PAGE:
*You’ve heard the saying “When you know better, you do better” right?
Well let’s just put it like this: Hollywood execs are still in need of education when it comes to embracing black entertainers in prime time.
The conversation was started when people got fed up with “Saturday Night Live” and put the sketch-comedy show on blast due to their longstanding lack of ethnic diversity (in its 38-year run, only four African American women have been regulars). Then, to make bad matters even worse, all hell broke loose when Keenan Thompson, one of two African American men currently cast on the show, said this is because it is hard to find African American women that are “ready” to join the cast.
But daytime TV doesn’t appear to share the same concern. Here, black entertainers and other people of color are thriving; they are a prominent presence.
Michael Strahan hosts alongside Kelly Ripa on “Live With Kelly and Michael”, and are considered “Daytime’s Dynamic Duo.” Steve Harvey, Queen Latifah, Cedric the Entertainer and Wendy Williams enjoy popular talk shows as well. And the number of black cast members on shows like CBS’ The Young & The Restless” – in major roles to boot – have never been greater.
Why are minorities largely sidelined in favor of white performers after sundown?
Only a handful of returning network series feature ethnic leads. ABC’s “Scandal,” starring Washington; Fox‘s “The Mindy Project,” with Indian American actress Mindy Kaling; and CBS’ “Elementary,” with Asian American actress Lucy Liu.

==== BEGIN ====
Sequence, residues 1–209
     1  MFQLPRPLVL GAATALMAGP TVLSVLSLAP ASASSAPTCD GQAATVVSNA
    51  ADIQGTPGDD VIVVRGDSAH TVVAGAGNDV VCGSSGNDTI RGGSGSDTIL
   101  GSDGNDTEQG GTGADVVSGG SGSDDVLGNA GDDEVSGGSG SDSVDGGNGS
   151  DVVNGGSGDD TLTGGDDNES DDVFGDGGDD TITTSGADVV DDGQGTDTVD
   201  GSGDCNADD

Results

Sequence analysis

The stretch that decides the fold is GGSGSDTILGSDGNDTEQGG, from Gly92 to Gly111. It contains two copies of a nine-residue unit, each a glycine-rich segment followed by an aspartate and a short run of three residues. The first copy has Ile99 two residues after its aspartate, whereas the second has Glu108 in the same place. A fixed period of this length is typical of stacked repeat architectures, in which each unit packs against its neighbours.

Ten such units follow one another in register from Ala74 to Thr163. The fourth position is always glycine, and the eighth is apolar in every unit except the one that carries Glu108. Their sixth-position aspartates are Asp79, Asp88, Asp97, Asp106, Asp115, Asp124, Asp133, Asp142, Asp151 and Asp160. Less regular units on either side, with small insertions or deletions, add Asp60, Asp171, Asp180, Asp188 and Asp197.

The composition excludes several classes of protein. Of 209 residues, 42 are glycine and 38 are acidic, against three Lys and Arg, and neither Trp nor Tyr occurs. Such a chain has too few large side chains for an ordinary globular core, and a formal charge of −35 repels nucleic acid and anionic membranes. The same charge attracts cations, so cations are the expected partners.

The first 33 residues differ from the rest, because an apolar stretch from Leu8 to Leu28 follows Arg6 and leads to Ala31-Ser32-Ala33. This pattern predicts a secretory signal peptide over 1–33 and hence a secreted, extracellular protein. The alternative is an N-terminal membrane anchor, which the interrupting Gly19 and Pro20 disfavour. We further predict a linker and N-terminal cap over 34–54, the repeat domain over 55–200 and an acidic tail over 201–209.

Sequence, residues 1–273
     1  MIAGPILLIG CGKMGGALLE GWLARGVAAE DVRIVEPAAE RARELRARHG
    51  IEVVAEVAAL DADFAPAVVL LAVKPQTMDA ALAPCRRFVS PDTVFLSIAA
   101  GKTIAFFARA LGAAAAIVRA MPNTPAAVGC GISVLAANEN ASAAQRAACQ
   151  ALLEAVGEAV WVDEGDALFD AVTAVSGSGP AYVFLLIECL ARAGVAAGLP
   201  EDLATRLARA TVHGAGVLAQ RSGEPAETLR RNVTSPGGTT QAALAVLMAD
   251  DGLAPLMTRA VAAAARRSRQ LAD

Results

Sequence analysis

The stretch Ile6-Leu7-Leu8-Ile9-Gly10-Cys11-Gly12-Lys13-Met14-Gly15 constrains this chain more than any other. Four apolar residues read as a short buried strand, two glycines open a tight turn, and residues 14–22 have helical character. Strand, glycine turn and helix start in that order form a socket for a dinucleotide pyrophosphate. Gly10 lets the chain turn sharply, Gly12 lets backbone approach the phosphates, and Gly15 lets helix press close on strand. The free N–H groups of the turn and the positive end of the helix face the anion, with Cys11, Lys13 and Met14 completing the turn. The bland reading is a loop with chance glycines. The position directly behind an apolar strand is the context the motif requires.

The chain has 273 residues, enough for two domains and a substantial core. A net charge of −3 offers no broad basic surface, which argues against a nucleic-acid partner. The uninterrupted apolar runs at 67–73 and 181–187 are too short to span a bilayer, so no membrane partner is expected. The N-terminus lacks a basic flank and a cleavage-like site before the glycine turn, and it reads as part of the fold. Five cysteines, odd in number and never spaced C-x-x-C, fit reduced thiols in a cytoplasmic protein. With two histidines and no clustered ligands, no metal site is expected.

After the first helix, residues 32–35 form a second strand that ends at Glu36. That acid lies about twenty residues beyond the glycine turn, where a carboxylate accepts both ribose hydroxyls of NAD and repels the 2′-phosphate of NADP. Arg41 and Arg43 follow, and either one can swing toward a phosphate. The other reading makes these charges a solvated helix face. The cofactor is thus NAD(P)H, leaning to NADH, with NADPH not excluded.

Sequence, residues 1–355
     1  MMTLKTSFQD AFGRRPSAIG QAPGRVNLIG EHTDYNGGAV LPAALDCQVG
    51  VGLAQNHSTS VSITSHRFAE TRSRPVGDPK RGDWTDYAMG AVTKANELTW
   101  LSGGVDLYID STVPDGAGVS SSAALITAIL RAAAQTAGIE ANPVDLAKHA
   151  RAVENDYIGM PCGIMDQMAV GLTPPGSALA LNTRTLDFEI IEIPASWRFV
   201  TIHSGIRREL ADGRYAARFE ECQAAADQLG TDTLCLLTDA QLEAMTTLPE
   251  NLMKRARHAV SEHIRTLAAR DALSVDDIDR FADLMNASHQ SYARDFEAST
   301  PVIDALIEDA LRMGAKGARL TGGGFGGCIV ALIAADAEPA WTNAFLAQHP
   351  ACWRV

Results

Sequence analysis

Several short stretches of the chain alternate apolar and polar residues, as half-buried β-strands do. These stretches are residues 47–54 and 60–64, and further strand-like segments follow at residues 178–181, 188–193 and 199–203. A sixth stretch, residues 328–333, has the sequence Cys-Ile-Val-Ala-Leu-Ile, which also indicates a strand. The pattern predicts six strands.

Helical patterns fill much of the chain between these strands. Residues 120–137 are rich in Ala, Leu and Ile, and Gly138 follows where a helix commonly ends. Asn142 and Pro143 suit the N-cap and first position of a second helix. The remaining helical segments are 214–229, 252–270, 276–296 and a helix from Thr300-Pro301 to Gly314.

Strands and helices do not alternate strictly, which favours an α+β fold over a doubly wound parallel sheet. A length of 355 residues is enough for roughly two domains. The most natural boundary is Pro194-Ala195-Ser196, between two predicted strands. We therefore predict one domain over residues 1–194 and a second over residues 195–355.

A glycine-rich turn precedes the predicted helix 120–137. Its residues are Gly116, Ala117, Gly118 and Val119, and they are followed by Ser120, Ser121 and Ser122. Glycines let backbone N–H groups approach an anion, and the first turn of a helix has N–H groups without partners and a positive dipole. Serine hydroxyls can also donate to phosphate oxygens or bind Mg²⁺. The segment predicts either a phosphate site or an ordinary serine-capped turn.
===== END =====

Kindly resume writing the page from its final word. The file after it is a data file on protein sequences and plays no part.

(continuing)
Darnell Hunt, head of the Ralph J. Bunche Center for African American Studies at UCLA, which is conducting an analysis of the diversity of casts on cable and network series, theorizes using the burden of proof as a possible motive, saying, “There’s a lot more at stake in prime time, with productions that involve large casts, a slew of writers and technicians.”
Looking for the broadest possible appeal, he says, network executives almost always favor white leads for prime-time shows.
When characters of color are cast in those nighttime shows, they “are part of an ensemble — the shows are not about them. In daytime, the people of color can be the star — the host of a game show or the head of a talk show,” he adds.
Daytime programmers said President Obama’s election prompted them to consider retooling their lineups to add more racially diverse personalities. In 2010, Steve Harvey became the first African American host of the game show “Family Feud.” Ratings began to climb and then skyrocketed 40% last year to an average of 7 million viewers — the 37-year-old program’s highest ratings since 1990.
Cedric the Entertainer, the host of Walt Disney Co.’s “Who Wants to Be A Millionaire,” says programmers need to step up because if given the opportunity, blacks and other minorities are ready, willing and able to fit the bill. He blames the slow tred towards change in this area on the fact that there are too few minorities in positions of power in the industry.
“It’s that combination of economics and not having that voice in the boardroom who understands our story, our humor and our point of view,” Cedric said. “Jerry Seinfeld and Ray Romano did not have shows that started out as juggernauts, but there was somebody in those boardrooms who understood them and had faith.”
As the L.A. Times’ Greg Braxton reports, with that said, there are more blacks behind the scenes now than in the past. Shonda Rhimes is the executive producer behind the ABC shows “Scandal” and “Grey’s Anatomy, and Pearlena Igbokwe is a top programming executive at NBC. And then there’s Oprah Winfrey, one of the biggest TV stars of any race, who came to fame on daytime.
Read/learn MORE at LA Times.